Just the flu
The Great Influenza: The Epic Story of the Deadliest Plague in History
It was only the flu. That refrain recurs throughout John M. Barry’s exhaustive history of the 1918 influenza epidemic. While true, it’s also a horrific understatement, given the millions who died. Influenza killed more Americans in 24 weeks in the autumn of 1918 than have died from AIDS in 24 years. And it killed, in addition to the usual very young and very old sufferers, a disproportionate number of Americans between the ages of 18 and 30: the young, the strong, the people needed to run the country and the war.
Barry tells the story of the so-called Spanish flu (misnamed because of a publicized outbreak in Spain—he makes a reasonable case that it actually started in Kansas), but he goes beyond simple narrative to set the epidemic in cultural and political contexts. The development of modern scientific medical practices, which came relatively late to the United States, provides the lens through which he focuses on the epidemic.
But in Barry’s attention to the doctors and researchers who worked on influenza, he does not slight the stories of “regular people.” He details the horrors of the military encampments, with the sick, dying and dead young men piling up unattended; as well as tragedies in hard-hit cities, such as Philadelphia, where the corpses of flu victims were left in front of houses to be picked up by horse-drawn carts in an eerie flashback to medieval plague tales.
Barry also provides the best explanation of the physiology of influenza for the general reader that I’ve ever come across. The twin specters of antigen drift and antigen shift, combined with the ability to re-assort genes into new strains of the disease, are what make influenza so deadly that it continues to kill tens of thousands of Americans annually. Barry uses the metaphor of a football player changing uniforms (too lengthy to explain here fully, but it works) to clarify the way the disease works, and he details the unhappy consequences for humans unlucky enough to get a “hard” case of the flu.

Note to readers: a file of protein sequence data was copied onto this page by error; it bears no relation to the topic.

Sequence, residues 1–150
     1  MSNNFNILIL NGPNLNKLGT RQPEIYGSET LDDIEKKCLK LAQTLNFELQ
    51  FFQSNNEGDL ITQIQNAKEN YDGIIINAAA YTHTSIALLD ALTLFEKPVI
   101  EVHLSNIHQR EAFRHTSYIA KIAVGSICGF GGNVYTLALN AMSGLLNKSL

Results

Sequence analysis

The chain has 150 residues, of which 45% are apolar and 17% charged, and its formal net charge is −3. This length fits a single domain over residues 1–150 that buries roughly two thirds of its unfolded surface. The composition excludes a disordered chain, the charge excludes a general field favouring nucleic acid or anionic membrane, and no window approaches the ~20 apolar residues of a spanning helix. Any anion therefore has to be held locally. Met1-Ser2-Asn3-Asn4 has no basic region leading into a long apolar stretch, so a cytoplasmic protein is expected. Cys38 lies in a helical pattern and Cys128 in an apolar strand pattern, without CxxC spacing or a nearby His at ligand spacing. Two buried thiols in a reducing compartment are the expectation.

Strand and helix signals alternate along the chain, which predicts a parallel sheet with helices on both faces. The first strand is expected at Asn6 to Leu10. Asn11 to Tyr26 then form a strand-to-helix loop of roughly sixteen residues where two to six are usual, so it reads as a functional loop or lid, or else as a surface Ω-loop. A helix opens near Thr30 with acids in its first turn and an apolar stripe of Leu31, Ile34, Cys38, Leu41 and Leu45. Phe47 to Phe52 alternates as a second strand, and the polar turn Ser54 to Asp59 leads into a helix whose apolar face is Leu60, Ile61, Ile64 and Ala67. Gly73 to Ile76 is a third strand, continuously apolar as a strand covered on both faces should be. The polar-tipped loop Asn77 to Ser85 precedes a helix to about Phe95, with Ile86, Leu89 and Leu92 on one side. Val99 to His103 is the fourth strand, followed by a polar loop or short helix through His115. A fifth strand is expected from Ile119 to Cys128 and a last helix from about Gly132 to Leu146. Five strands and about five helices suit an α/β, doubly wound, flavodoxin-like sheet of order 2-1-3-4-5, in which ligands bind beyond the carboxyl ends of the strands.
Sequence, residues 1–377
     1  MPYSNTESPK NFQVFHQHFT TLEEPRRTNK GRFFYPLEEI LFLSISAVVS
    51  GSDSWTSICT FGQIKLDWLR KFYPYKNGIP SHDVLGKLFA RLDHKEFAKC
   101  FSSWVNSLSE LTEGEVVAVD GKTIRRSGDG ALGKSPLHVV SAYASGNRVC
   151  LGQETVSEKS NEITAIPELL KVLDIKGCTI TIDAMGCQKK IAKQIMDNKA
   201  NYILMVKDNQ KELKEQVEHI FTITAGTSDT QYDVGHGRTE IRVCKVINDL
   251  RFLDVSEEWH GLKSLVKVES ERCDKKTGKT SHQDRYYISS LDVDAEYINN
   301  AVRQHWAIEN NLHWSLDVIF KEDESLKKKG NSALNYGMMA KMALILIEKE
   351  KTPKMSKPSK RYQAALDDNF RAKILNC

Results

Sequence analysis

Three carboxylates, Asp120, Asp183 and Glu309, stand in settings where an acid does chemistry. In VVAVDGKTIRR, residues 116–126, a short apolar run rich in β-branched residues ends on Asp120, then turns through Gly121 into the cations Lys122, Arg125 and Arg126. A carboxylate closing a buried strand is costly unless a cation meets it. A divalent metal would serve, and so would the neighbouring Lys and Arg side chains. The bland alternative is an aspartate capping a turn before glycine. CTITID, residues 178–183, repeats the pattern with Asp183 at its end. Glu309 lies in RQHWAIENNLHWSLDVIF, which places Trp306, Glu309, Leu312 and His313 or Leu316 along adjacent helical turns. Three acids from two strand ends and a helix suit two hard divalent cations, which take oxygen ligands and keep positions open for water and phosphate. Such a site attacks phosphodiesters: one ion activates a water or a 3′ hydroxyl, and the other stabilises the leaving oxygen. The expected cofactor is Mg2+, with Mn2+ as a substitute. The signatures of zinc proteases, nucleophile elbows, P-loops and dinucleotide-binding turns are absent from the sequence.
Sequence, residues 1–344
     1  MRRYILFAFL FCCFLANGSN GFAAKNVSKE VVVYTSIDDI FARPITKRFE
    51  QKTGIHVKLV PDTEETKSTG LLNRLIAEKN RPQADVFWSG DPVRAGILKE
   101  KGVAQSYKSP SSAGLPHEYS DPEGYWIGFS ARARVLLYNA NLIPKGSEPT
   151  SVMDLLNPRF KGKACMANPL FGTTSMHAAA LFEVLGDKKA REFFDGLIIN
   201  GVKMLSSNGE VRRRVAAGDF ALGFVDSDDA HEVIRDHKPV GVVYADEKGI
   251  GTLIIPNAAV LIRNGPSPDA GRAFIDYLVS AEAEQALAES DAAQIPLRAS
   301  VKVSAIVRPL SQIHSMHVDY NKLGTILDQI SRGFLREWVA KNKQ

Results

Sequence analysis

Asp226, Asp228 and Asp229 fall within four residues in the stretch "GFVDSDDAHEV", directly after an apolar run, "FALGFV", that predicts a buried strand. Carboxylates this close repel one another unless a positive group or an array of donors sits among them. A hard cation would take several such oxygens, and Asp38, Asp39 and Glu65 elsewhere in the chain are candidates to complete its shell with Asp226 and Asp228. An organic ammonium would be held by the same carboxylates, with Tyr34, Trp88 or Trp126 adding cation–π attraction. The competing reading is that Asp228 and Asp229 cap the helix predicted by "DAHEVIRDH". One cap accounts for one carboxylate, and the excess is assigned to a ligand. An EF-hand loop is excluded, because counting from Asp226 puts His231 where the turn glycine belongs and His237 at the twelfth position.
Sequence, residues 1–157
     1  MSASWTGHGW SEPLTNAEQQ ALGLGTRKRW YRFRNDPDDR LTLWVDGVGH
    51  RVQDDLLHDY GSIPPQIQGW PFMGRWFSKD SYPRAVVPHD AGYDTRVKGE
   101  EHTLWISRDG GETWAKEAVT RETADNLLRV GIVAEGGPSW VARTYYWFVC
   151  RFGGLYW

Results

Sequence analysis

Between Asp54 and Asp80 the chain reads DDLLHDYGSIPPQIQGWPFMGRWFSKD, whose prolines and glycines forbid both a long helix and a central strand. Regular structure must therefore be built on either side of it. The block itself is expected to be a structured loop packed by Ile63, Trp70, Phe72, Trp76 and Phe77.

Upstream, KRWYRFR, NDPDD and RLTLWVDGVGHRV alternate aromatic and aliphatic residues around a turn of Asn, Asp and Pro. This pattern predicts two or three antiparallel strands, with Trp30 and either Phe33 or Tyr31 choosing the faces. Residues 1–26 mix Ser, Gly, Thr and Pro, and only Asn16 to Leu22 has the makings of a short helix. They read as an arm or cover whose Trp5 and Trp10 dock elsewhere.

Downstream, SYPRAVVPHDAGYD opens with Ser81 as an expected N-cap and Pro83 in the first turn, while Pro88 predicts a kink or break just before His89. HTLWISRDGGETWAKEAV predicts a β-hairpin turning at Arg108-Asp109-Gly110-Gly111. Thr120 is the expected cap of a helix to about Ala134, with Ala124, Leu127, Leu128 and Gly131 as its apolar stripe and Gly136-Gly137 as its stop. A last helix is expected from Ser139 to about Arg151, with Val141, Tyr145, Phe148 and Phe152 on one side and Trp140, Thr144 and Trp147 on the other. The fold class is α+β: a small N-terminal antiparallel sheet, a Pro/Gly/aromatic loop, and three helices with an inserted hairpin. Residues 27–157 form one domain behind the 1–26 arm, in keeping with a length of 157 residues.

But the medical and scientific contexts aren’t enough to explain why the pandemic of 1918 was so deadly, and it is in providing political and cultural contexts that Barry’s book is most timely. In 1918, America was led by a president with a single-minded—almost religious—dedication to victory in the Great War. At the time, dissent was punished far more severely than ever before or since; among those imprisoned for daring to speak out against the war was a U.S. congressman. Newspapers, the major source of information, voluntarily censored themselves, sacrificing the public’s right to know on the altar of “morale” and the war effort.
The result was that, in a populace provided with minimal—or deliberately false—information about the epidemic, fear became a major factor in the breakdown of stricken communities. Children were left to starve after their parents died, because neighbors were too frightened to take them in. Services broke down in city after city. Nurses refused to work. Soldiers died because their commanders refused to follow the quarantine recommendations of the surgeon general.
Barry even suggests that it was President Woodrow Wilson’s bout with the flu during treaty talks that led to his capitulation to Georges Clemenceau’s desire to adopt the punitive and disastrous Treaty of Versailles.
Did influenza ultimately bring about the rise of Hitler and World War II? It’s worth considering. And, in light of the current politicization of medicine in a variety of ways, from flu-vaccine shortages to stem-cell research, this book certainly raises some timely points. In a normal year, influenza kills more than 30,000 Americans. But it’s only the flu.